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Russia

Alexey Navalny On Panama Papers: Proof That Putin "Owns" Russia

Alexei Navalny participating in a February march in memory of Boris Nemtsov in Moscow
Alexei Navalny participating in a February march in memory of Boris Nemtsov in Moscow
Julian Hans

MOSCOW — Alexey Navalny is one of most prominent opponents of the Russian government of Vladimir Putin. The 39-year old lawyer and head of the Moscow-based NGO Anti-Corruption Foundation first came to prominence through a blog that takes direct aim at alleged malfeasance by Putin and his associates. We spoke with him in his Moscow office following the revelations of the Panama Papers.

SÜDDEUTSCHE ZEITUNG: More than 30 men and women work for you, trying to disclose illicit financial practices. Did you learn anything new from the revelations of the Panama Papers?

ALEXEY NAVALNY: We knew more or less how Putin's corruption works: He has friends who win billions by obtaining public tenderings. This is something like a common pot that he can use. What we know now is that, on top of that, Putin has some of his own (accounts) as well — and we see how they are filled. There is no doubt, for instance, that everything that belongs to the cellist Sergei Roldugin, is just another one of Putin's accounts.

But Putin's name didn't appear in any of the documents.

The evidence is strong. First of all, Roldugin is one of Putin's closest friends. Secondly, there is no explanation as to why he would have access to that amount of money. He would be the richest musician on the planet. Thirdly, the way those accounts have been filled — state companies committing crimes through insider trading, why would they do that?

Putin's spokesmen claim that the publications are an attack on the president, meticulously planned by Western intelligence services.

The Kremlin's nervous reaction is just another indicator. Taken together, it shows clearly that the publications are direct proofs of Putin's corruption.

Why did nobody ever think of Roldugin before?

He's been mentioned several times in a Putin biography published during the campaign for his first term as president. That nobody ever thought of him as the administer of Putin's money shows that Putin had chosen the right guy: a humble man who plays the cello and doesn't drive a Ferrari. Nobody would suspect someone like him. But the moment his offshore companies were revealed to the public, things got complicated. Money like this is not easily explained.

Do you think one day we might discover properties, accounts or shares registered in Putin's name?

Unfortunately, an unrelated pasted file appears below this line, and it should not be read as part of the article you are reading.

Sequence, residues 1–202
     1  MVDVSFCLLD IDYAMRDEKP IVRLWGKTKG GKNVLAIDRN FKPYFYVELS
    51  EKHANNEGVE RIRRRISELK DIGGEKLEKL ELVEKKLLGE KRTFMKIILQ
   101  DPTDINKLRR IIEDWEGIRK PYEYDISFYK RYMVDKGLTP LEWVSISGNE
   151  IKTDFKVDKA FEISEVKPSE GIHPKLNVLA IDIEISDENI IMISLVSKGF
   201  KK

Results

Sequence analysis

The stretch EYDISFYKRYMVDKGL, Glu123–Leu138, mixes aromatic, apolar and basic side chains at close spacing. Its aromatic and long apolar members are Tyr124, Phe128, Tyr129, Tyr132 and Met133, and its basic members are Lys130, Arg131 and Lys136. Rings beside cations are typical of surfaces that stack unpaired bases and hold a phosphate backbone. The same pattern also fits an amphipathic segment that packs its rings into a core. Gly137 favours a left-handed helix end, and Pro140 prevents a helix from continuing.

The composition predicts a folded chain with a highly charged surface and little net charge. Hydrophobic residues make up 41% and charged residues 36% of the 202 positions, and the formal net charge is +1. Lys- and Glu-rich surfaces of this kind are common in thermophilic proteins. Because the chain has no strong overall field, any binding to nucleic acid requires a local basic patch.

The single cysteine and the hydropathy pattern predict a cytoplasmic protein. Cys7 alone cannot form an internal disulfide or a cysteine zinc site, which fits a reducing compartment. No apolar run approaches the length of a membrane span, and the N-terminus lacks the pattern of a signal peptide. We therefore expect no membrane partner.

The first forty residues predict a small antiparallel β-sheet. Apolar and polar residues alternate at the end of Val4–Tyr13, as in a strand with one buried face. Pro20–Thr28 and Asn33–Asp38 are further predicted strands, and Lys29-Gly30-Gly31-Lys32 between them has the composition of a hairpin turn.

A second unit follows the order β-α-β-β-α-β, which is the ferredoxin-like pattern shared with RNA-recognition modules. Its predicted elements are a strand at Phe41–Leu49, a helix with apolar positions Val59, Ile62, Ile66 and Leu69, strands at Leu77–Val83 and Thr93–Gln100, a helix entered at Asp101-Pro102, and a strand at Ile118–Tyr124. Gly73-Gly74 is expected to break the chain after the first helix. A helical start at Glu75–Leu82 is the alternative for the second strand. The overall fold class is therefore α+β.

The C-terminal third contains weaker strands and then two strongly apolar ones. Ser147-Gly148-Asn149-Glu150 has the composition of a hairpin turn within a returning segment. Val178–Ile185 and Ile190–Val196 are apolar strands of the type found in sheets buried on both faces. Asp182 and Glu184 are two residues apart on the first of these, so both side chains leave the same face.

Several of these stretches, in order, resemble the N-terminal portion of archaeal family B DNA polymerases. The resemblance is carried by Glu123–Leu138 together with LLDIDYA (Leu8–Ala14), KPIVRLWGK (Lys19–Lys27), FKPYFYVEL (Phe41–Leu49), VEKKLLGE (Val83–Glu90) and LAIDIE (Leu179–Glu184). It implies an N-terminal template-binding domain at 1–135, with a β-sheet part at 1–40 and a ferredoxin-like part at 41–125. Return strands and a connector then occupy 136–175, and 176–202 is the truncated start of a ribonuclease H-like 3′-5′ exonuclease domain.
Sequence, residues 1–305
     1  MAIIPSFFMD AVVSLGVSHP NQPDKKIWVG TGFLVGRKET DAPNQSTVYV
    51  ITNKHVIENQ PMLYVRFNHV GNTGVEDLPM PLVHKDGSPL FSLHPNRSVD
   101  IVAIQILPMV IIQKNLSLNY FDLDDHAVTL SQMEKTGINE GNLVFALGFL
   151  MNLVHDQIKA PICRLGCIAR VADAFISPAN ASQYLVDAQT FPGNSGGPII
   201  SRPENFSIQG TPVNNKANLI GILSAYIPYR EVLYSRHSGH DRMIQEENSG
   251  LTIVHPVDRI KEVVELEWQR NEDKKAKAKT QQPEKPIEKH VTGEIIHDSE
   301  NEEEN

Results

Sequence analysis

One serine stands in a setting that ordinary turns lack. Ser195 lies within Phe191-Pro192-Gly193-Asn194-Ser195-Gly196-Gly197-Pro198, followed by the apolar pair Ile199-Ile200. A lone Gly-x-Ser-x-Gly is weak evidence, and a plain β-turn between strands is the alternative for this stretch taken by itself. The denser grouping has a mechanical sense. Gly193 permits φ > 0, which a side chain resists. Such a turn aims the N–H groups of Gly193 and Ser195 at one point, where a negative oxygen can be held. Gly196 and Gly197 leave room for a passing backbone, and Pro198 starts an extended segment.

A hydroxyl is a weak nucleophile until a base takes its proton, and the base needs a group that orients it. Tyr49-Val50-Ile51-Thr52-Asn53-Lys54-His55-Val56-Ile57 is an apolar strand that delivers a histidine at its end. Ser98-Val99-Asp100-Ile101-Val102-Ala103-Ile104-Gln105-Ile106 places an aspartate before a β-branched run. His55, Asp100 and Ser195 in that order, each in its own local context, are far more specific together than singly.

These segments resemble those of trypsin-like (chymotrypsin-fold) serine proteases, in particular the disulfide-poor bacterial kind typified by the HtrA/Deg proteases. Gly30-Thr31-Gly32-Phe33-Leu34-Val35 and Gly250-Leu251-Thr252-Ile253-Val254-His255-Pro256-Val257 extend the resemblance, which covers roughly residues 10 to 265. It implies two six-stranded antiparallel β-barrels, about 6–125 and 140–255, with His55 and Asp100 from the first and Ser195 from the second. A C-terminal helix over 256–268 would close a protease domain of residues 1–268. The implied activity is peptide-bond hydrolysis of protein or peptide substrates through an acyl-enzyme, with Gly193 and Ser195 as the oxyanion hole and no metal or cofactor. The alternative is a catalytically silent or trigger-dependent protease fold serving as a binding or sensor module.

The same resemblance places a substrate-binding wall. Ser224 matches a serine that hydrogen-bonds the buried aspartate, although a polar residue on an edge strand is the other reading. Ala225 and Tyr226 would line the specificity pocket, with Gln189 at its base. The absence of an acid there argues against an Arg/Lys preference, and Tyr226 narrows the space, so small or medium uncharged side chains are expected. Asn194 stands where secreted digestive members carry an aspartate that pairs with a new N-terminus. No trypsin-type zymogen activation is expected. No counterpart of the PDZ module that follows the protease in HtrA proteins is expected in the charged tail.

Of course not. Grand corruption — the kind carried out at the highest levels of government — does not work like that. If authoritarian rulers are involved, they usually hide behind family members, friends, hockey or judo coaches.

What if Putin's friends abandon him?

The situation is pretty simple: Either you're president and nobody can touch you. Or you're not president, and you're doomed. That's why he would do pretty much anything — even fight a war — in order to hold on to his position.

Is there anything illegal among the things that have come up so far?

A number of politicians have been named in the papers, who have not declared their shares in various companies as they are obliged to in Russia. There are also many indicators of other criminal acts: suspected insider trading at the Sberbank and the VTB bank, both listed on the European stock market. If true, that would be an infringement on Russian and European law. Then, there's Roldugin's tax evasion. And fraud at the Russian Commercial Bank, a subsidiary of the VTB on Cyprus, that apparently granted the Sandalwood Continental a credit line of $650 million without requesting the necessary provision of banking collateral. And so on.

Over the last couple of years, you have published data about countless high officials in Russia, suggesting corruption. What good has come of your work?

That's the real tragedy: It just strengthens those officials' position! Because if it goes public that they are being corrupt, they are considered particularly loyal. And Putin is the ultimate source of their legitimacy. They know that the public would prefer to see them behind bars. That they are not convicts, but rich government ministers, is thanks to Putin. And Putin only.

The Russia expert Mark Galeotti from the New York University says that what's special about Russia is that you can't buy power with money. But if you have power, you don't have to worry about money anymore.